... His wife wasn’t too keen on becoming a ‘golf widow’, but had not reached the point of leaving tyre marks on his back. The suggestion that she take up flower arranging had however left him with a stiletto heel sized hole in his left buttock...

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The Flat-Packed Golfer by Catherine J Gardner Artie wanted to look his best for the meeting with the Golf Club Secretary. After several emails and one telephone conversation, covering the space of five months and two days, he could not blow this likelyto-be single opportunity to become a member. “Do you mind if I leave these here?” Artie asked. “Taking up golf?” Artie sighed. It was the third time in as many hours he had met that question. Even by barber’s standards, it was an inane enquiry, especially as the price ticket flapped from the nine iron. “I knew a fellow got in a whole heap of trouble thanks to a blonde and an obsession with golf.” Artie climbed into the chair without saying a word. He worried that his clubs were too close to the door, but didn’t want them any closer. It wouldn’t look good if the driver or putter ended up covered in shavings. “Usual is it?” Artie nodded. He was one of those men who gave the impression there was a tax on words, whereas the barber spat them out as if they were buy one get twenty free. “Anyway this broad, with a backcombed peroxide bird’s nest, that had an actually bird nesting in it, knocks at his door and asks is he interested in golf.” Artie figured this was the moment for an, ‘Uh-huh!’ Instead, his eyes widened, from the fear of how long is this going to take, and his smile stretched a little too painfully. “She was the opposite of what this bloke expected an evil salesperson to be.” The barber clicked his fingers and, at his bequest, an octogenarian began brushing up Artie’s hair. “Would you like to buy a Flat Packed Inflatable Golf Course?” Artie decided this needed an answer. “Err, no.” “Well that was his first reply.” “Whose?” He’d lost the thread. The problem with not listening was that you were never sure what you were saying yes or no to. “The bloke. Head down.” The weight of the barber’s palm at the back of his neck slammed Artie’s chin against his chest. “The bloke figured the blonde a character escaped from the mind of Charles Addams. And her skin, his words not mine, well he said it looked as if she had crawled out from Addams’ wastepaper bin. She was selling door to door because she hadn’t made it to page or screen. “Anyhow, she’s persuading him to buy the inflatable golf course and he can hear his wife yelling ‘not in my backyard’. She wasn’t actually there, but he knew what she would say. It doesn’t take a whole heap of imagination. Three hundred dollars later he’s signed and it’s delivered.” “The golf course?” the octogenarian asked. “Haven’t I told you this before?” “Don’t remember. In fact, chances are I’ll have forgotten it tomorrow.”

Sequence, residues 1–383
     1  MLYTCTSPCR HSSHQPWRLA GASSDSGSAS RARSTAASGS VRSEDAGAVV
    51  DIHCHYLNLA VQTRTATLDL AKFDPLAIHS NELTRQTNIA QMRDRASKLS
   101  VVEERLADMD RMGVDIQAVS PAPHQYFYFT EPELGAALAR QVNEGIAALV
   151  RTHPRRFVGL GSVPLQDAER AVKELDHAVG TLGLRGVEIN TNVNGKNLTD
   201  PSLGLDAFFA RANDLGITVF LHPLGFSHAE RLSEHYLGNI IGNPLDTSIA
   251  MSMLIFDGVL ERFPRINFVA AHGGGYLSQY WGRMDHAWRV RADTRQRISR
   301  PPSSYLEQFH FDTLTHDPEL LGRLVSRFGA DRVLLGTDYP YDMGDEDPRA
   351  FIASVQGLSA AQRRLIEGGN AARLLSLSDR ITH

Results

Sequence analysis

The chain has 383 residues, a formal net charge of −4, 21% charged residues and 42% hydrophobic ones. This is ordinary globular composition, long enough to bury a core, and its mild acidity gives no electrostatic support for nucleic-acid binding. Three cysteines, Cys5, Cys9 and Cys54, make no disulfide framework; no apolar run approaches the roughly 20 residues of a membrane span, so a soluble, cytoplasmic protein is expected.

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Artie twirled around in the chair as the barber remembered his calling as a roustabout. He came to an unsteady stop. Nicotine stained fingers ran a comb through his fringe. “Where was I? Okay this bloke wasn’t so stupid as to inflate the thing in the lounge or kitchen.” He shook his head. Artie reciprocated which earned him two palms gripped vice-like to his skull. Scissors snipped. “So he goes out into his back yard. It’s all pitted concrete and no greenery.” “He blows it up?” The Octogenarian leant on his broom. “It blows itself up taking out the neighbouring fences. Lines of wet washing waved like flags and a ginger cat popped its head through one of the holes. Then, you won’t believe this, the bird that was perched in the blonde’s nest flies over the house and pecks at the sand-less dune and poof the thing deflates.” “What happened to the guy?” The old man leant on the broom handle. “He’s an attraction over at worm world.” “Eh?” Both Artie and the old man asked in synch. “He’s resting in Regimental Row beneath the freeway, where all dead golfers end up. Part of the terms and conditions isn’t it?” “What?” Artie had lost track around about deflates. The barber shook his head. “The bloke’s wife was driving home, whistling merrily and planning on turning the yard into a tennis court. So her first thought is ‘Ooh, there’s my husband’ and the second ‘why is he running down the street waving a golf club and, more to the point, why is he splattered with green plastic’.” “She ran him over?” Artie asked. His wife wasn’t too keen on becoming a ‘golf widow’, but had not reached the point of leaving tyre marks on his back. The suggestion that she take up flower arranging had however left him with a stiletto heel sized hole in his left buttock. “Why would she do that?” The barber scratched his chin. He continued. “No her uncle is the golf secretary up at the Old Links Golf Club so she organised an interview. I gave the bloke his last cut on the morning of his meeting. Two weeks later, I hear they’re digging a hole in Regiment Row, as there’s a new inmate. “Seems the uncle is short-sighted and vain, not a good combination, and mistook the bloke for a flagpole. Did I say he was thin? I don’t think I did. Well, he was thin and when the secretary missed the hole for the fifteenth time, he took out his frustration on the pole by slamming it several times with the putter. The pole however was the bloke who bought the inflatable golf course.” The barber brushed stray hairs off Artie’s suit. His clubs looked a little less shiny as he left the barbers. As he stopped at the traffic lights, a hand tapped at Artie’s shoulder. The fingernails were long, sharpened and flaking. A bird pecked at a peroxide fringe. “Would you be interested in an inflatable golf course?”